1.2 Statement of Problem

The reality on the ground is that, despite government measures targeted at supporting small and medium-sized companies, SMEs have yet to completely realise their potential. SMEs’ contribution to the GDP has been insignificant (A.T. Salami 2003).

Currently, the issue of inadequate finance for SMEs appears to be persistent.

Aside from the Small and Medium Enterprises Industries Equity Investment Scheme (SMEEIS), the only formal sources of finance accessible to SMEs are the capital market and credit facilities from traditional banks, who have not been inclined to do business with small businesses.

1.3 Significance of the Study

Small and medium-sized enterprises (SMEs) play critical roles in the growth and development of the real sector, which has recently received significant attention. However, SMEs continue to suffer from a lack of adequate funding in the form of capital investment and credit facilities.

In light of the preceding, the purpose of this research is to analyse the sufficiency of finance arrangements accessible to SMEs in the areas of study and throughout Nigeria. Shortcomings in the current structure will be identified and corrective solutions proposed. These initiatives will help to ensure that financial difficulties do not impede the expansion of this critical sector of the economy.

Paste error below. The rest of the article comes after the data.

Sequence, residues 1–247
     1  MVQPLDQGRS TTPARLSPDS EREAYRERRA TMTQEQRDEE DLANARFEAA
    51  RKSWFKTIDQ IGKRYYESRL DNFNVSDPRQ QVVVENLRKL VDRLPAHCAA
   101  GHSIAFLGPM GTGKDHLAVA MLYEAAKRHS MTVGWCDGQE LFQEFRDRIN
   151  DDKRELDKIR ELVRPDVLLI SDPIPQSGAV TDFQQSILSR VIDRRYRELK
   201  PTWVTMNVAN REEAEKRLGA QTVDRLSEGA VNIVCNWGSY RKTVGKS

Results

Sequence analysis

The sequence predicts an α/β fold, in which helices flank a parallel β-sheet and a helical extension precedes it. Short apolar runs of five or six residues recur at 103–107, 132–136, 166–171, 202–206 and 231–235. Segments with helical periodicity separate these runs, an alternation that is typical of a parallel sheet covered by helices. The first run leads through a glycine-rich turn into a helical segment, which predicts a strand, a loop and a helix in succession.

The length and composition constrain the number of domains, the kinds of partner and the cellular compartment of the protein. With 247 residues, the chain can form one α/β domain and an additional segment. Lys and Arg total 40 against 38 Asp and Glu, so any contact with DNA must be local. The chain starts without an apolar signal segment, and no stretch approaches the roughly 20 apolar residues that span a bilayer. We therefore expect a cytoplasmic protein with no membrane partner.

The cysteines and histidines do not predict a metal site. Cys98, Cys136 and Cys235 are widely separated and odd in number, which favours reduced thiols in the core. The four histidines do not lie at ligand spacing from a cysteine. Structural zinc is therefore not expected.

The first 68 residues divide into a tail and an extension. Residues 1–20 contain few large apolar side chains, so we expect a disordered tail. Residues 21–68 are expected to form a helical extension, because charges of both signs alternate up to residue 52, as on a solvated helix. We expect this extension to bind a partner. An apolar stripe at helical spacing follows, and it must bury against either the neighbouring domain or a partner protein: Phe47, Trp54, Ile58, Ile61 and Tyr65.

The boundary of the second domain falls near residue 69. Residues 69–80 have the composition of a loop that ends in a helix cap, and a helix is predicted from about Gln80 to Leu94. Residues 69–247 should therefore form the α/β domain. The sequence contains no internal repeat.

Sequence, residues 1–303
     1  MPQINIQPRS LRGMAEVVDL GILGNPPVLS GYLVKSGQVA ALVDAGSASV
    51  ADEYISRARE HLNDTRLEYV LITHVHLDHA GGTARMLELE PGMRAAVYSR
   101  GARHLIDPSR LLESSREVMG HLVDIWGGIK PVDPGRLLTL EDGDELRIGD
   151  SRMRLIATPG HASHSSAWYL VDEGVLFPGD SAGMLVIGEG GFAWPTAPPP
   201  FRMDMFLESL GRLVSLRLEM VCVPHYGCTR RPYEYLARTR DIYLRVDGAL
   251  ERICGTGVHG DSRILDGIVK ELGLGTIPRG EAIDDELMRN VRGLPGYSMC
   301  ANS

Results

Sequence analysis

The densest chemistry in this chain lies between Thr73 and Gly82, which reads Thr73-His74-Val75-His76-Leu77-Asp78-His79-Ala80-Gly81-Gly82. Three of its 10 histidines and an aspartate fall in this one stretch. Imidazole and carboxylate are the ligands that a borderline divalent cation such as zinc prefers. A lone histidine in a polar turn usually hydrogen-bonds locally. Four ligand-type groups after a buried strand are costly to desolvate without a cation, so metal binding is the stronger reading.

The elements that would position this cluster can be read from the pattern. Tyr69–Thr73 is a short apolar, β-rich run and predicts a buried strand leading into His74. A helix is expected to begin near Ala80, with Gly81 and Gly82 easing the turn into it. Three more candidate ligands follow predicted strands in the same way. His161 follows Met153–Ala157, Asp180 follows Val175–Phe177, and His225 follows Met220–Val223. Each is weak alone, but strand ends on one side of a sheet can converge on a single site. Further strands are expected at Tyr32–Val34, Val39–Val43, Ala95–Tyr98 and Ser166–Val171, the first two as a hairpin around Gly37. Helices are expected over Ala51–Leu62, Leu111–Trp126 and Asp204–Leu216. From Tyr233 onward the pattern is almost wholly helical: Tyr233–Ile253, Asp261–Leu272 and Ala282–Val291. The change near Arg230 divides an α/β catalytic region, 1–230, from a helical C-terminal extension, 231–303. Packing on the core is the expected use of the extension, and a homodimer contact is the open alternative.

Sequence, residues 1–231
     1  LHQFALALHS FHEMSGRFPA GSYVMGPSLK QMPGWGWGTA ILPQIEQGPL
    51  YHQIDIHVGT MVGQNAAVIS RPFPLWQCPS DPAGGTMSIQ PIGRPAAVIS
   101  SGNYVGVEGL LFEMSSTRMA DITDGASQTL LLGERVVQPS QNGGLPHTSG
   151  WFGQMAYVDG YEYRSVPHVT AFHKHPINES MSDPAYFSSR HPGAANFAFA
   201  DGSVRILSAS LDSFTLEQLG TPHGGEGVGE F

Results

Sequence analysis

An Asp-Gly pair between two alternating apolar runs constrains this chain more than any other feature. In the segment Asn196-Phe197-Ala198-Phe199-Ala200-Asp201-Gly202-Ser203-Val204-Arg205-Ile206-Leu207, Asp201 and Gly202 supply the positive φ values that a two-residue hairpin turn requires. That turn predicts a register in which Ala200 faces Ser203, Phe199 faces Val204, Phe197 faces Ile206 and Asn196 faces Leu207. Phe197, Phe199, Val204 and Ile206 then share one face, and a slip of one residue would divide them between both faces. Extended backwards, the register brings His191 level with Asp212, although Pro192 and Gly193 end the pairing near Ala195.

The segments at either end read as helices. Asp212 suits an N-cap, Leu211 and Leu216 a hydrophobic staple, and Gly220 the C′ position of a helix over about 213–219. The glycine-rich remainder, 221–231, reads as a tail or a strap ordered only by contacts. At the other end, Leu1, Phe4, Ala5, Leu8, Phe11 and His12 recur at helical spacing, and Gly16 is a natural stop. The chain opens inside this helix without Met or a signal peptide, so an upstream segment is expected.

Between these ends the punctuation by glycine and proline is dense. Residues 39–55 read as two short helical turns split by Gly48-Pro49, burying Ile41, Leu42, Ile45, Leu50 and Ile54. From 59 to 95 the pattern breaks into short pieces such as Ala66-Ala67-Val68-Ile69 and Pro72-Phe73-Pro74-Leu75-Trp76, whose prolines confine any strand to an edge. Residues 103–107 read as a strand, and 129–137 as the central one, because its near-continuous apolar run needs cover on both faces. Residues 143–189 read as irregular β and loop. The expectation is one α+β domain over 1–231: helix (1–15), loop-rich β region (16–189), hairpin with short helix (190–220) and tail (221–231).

1.4 Objectives of the Study

The study’s aims are:

i. To investigate the various financing options available to SMEs in Oyo State’s Ibadan South West and Ibadan North West Local Government Areas.

ii To evaluate the various government policies and incentives aimed at encouraging SMEs in Nigeria, as well as how these have affected the finances of SMEs in the areas of study.

iii To demonstrate the contributions of both official and informal sources of financing through a survey, in order to identify effective sources of funding for SMEs.

iv To evaluate the Bankers’ Committee’s most recent policy initiative, which requires banks to set aside ten percent of their after-tax profits for SME finance through equity investment.

1.5 SCOPE.

This study is limited to the Ibadan South West and Ibadan North West local government areas in Oyo State. The investigation was aimed to certain small and medium-sized industrialists in the area using questionnaires.

The study is organised into five chapters. The first section includes a general introduction to the study, a summary of the problem, research aims, and the study’s importance.

Chapter Two discusses previous works, opinions, and appraisals of works by various authors on the financing of small and medium-sized industries, while Chapter Three explains the method used to demonstrate the relationship that exists between SMEs and the various sources of funding available to them

The fourth chapter focuses on the analysis and effects of financing for small and medium-sized industries, while the final chapter summarises the major findings and makes some useful suggestions to help small and medium-sized industries conduct their financing in an efficient and effective manner.

1.6 Research Questions and Hypothesis

This study focuses on the following questions:

1. Are formal financing methods prevalent in the small and medium-sized industries?

2. What impact does financing have on the small and medium-sized industries?

3. Is there a relationship between small and medium-sized industries’ initial capital investments and their income levels?

4. Are small and medium-sized industries aware of the availability of SMEEIS and making proper use of it?